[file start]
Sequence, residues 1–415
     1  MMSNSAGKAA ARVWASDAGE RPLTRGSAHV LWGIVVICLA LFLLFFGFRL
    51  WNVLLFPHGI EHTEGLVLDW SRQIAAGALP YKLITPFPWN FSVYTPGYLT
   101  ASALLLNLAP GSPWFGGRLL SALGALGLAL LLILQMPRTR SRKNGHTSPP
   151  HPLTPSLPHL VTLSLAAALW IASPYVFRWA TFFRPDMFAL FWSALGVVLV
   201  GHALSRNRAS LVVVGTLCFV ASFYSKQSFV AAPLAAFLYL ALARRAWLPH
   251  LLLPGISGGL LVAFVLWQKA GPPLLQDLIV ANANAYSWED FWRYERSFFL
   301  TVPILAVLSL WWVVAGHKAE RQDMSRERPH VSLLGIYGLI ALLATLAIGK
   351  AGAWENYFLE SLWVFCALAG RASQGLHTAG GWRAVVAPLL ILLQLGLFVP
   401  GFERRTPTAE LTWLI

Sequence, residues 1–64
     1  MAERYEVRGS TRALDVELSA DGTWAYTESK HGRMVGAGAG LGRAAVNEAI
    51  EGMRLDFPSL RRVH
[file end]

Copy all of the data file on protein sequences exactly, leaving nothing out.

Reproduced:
Sequence, residues 1–415
     1  MMSNSAGKAA ARVWASDAGE RPLTRGSAHV LWGIVVICLA LFLLFFGFRL
    51  WNVLLFPHGI EHTEGLVLDW SRQIAAGALP YKLITPFPWN FSVYTPGYLT
   101  ASALLLNLAP GSPWFGGRLL SALGALGLAL LLILQMPRTR SRKNGHTSPP
   151  HPLTPSLPHL VTLSLAAALW IASPYVFRWA TFFRPDMFAL FWSALGVVLV
   201  GHALSRNRAS LVVVGTLCFV ASFYSKQSFV AAPLAAFLYL ALARRAWLPH
   251  LLLPGISGGL LVAFVLWQKA GPPLLQDLIV ANANAYSWED FWRYERSFFL
   301  TVPILAVLSL WWVVAGHKAE RQDMSRERPH VSLLGIYGLI ALLATLAIGK
   351  AGAWENYFLE SLWVFCALAG RASQGLHTAG GWRAVVAPLL ILLQLGLFVP
   401  GFERRTPTAE LTWLI

Sequence, residues 1–64
     1  MAERYEVRGS TRALDVELSA DGTWAYTESK HGRMVGAGAG LGRAAVNEAI
    51  EGMRLDFPSL RRVH